Monday, October 10, 2011

Cancellation Corner, Vol. 1

As a kind of counterpoint to my TV pilot reviews, I've decided to tackle the other end of the TV lifespan and do quick postmortems on some of this fall's stillborn endeavors, analyzing why they failed and whether or not anyone should care. This was actually something I considered doing in the spring for The Event and, more importantly, The Chicago Code, but I never got around to it. As with my pilot reviews, I'm only interested in scripted series, so don't expect any verbage on H8R, and I'm only going to bother discussing series that I've actually watched a meaningful percentage of. Now let's pay our respects to the departed.

NBC's The Playboy Club (Born 9/19/11 - Died 10/3/11)

Episodes watched: 3 out of 3

Why didn't it catch on? With any dead on arrival TV series, it comes down to a question of whether people didn't tune in because of the show's premise or because of its poor quality, but that doesn't mean the two causes are mutually exclusive. The Playboy Club was a creatively troubled series, which I'll get more into in a second, but I don't think that's why it premiered to pathetic numbers and fell from there.

The reason The Playboy Club failed is because sex is built into the premise and very fabric of the show, and sex still makes huge swaths of America feel nervous and uncomfortable. Characters in a show can have sex and they can enjoy sex, but a broadcast network show cannot be built around sex. Premium cable series are a slightly different story – see Hung, Californication, and of course Sex and the City – but if I were an NBC (or ABC, or Fox, or CBS) executive, I would take The Playboy Club as a lesson that greenlighting a sex-centric series is just flushing money down the toilet.

Its cancellation: tragedy or blessing? Somewhere in the middle, I'd say. I'm not going to mourn the show, I doubt I'll remember its existence a few years from now, and the stench of desperation from how hard it was trying to be Mad Men was nauseating, but at the same time it wasn't as bad as some critics tried to make it out to be. It's kind of this season's Outsourced in that sense, a mediocre show that some hyperbolically described as awful.

None of the three episodes aired had particularly compelling hooks or gripping human drama, but I did like the lavish production design, the 1960s vibe, and especially the performances of Amber Heard as the newest Bunny and Laura Benanti as the senior Bunny. But I don't ever need to see Eddie Cibrian again, whose character Nick Dalton was the black hole of boringness that devoured The Playboy Club from within, and the biggest thing holding the show back creatively.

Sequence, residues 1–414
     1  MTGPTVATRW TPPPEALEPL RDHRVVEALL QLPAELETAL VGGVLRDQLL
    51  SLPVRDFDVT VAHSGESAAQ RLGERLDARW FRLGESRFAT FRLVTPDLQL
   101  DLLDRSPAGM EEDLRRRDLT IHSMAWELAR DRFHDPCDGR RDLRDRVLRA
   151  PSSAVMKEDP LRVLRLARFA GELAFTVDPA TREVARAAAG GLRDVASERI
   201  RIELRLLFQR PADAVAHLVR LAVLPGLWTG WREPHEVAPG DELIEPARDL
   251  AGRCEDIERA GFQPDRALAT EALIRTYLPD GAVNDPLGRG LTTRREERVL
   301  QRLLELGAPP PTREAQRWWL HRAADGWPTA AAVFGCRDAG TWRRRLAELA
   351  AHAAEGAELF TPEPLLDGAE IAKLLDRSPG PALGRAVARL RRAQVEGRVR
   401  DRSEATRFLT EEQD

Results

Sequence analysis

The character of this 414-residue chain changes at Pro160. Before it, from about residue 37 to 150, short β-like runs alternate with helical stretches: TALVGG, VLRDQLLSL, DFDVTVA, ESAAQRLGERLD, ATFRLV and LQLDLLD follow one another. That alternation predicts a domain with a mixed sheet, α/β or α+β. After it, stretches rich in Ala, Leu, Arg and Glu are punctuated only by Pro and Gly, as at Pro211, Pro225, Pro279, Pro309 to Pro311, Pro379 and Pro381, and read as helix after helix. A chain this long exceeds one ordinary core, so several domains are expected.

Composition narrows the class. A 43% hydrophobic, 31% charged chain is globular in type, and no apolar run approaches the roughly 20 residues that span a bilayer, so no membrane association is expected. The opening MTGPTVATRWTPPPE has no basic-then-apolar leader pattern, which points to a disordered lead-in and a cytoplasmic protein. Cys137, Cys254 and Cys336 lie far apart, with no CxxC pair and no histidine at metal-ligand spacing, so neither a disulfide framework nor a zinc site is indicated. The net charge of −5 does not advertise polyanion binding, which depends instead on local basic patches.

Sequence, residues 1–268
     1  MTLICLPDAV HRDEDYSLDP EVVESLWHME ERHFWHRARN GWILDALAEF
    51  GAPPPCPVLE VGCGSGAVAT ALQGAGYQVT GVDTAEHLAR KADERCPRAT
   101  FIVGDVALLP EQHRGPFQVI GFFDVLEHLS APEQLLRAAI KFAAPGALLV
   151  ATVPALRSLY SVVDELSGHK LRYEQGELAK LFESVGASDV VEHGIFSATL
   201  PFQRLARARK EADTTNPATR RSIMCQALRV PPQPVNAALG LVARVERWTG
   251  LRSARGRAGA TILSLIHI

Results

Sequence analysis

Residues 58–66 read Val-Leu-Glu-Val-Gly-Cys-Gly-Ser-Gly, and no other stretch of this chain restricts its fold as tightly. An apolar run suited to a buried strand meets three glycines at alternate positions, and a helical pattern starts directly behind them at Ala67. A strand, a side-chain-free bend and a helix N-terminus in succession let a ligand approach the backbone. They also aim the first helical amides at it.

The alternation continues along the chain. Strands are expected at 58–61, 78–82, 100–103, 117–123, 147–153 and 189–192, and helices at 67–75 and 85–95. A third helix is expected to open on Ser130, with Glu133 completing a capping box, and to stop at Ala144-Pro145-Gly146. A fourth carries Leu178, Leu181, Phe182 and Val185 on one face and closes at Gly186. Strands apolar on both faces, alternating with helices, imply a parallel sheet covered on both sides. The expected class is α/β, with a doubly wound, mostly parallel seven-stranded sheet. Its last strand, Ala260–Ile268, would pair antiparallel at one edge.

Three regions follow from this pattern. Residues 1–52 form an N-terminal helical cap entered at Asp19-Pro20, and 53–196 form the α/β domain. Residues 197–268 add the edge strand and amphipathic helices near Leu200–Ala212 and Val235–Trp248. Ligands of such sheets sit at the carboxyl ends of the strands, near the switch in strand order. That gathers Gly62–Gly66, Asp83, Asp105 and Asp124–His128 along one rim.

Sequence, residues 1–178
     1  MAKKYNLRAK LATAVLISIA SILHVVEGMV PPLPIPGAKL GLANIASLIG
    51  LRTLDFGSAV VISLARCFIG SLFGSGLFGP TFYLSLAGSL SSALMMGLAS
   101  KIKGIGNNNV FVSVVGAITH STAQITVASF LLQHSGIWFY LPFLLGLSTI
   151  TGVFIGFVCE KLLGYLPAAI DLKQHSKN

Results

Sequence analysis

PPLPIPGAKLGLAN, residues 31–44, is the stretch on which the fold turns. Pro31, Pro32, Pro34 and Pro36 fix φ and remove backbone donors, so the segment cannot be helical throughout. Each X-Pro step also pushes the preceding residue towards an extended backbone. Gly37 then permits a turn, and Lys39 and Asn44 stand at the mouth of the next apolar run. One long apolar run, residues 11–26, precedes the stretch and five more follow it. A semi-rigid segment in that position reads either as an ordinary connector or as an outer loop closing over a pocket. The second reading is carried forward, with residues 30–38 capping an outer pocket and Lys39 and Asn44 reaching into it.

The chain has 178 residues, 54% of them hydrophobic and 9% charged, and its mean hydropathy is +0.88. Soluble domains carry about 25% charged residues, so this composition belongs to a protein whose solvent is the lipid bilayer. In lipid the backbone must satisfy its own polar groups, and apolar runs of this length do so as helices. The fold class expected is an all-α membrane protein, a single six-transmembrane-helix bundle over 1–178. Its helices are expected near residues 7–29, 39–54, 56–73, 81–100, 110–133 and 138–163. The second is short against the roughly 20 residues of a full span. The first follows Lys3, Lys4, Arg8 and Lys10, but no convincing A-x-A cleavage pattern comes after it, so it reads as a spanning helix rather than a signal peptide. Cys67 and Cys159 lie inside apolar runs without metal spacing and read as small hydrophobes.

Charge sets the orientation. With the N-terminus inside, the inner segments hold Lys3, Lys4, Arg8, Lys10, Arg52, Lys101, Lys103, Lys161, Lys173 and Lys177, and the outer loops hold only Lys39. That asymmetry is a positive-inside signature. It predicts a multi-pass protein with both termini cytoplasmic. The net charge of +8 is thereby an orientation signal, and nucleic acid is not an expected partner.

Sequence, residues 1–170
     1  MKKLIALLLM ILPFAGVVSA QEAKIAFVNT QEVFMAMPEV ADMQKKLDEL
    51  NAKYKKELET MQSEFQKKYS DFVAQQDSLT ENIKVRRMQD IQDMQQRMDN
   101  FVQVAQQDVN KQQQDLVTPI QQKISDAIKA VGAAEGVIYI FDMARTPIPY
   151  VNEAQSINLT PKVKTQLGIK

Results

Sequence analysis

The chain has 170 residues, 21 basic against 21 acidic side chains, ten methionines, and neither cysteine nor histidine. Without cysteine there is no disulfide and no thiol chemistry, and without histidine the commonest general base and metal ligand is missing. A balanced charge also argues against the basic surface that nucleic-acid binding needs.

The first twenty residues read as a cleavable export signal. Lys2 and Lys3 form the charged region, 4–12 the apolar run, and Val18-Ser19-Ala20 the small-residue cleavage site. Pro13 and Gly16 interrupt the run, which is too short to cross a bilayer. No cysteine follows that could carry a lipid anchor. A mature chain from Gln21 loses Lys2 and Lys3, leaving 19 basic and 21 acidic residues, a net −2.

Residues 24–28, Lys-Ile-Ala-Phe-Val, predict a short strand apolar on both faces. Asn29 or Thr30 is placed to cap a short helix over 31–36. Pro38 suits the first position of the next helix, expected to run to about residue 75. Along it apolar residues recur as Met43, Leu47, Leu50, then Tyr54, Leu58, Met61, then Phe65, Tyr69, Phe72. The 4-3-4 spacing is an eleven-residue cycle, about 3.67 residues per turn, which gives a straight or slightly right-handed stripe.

NBC's Free Agents (Born 9/14/11 - Died 10/5/11)

Episodes watched: 4 out of 4

Why didn't it catch on? At risk of giving too much credit to the American people, I'm going to say that it didn't catch on because it wasn't funny. Granted, you could point at any number of popular, terrible sitcoms that have been running for years in response, but they're all multi-cam shows. Lots of people will always tune into single camera comedies, go "Why no laugh track? Me no know when laugh! ARGH" and never tune in again, but there's often enough enthusiasm behind the legitimately funny ones – The Office, 30 Rock, and so on – to get them to second seasons and beyond. Bad multi-cams can thrive; bad single cams, with a microscopic handful of exceptions, tend to die. Trial by fire.

Its cancellation: tragedy or blessing? Free Agents disturbs me on a profound level, as it pretty much singlehandedly disproves every theory I've formulated over the last decade about what makes a good sitcom. After Arrested Development, Community, and 30 Rock, I'd determined that what it takes to make a good sitcom is to have a single camera show with a fast pace, lots of scenes, quick dialogue, a light, irreverent tone, and funny people both in front of and behind the camera.

And Free Agents did all of those things! It was quick and peppy and energetic, devoid of any laugh track shenanigans, and had Kathryn Hahn, Anthony Stewart Head, and Joe Lo Truglio in the cast and John Enbom (head writer of Party Down) and Emily Cutler (writer of Community's "Contemporary American Poultry" and "Modern Warfare," two of the best sitcom episodes of all time) on the writing staff. And it still, against all my well-formulated logic, just wasn't funny.

I could go episode by episode or scene by scene or line by line as to why not, but it really just comes down to the sad fact that the characters didn't pop, the stories were generic, and the jokes just didn't hit. It's upsetting, really: all the ingredients were right, and the dish still came out wrong. So what I'm getting at is that its cancellation is a blessing, because it frees up the many funny people involved to sink their time into something more worthwhile.

Also canceled: CBS's How to Be a Gentleman. Sure glad I took the time to review that one.

No comments: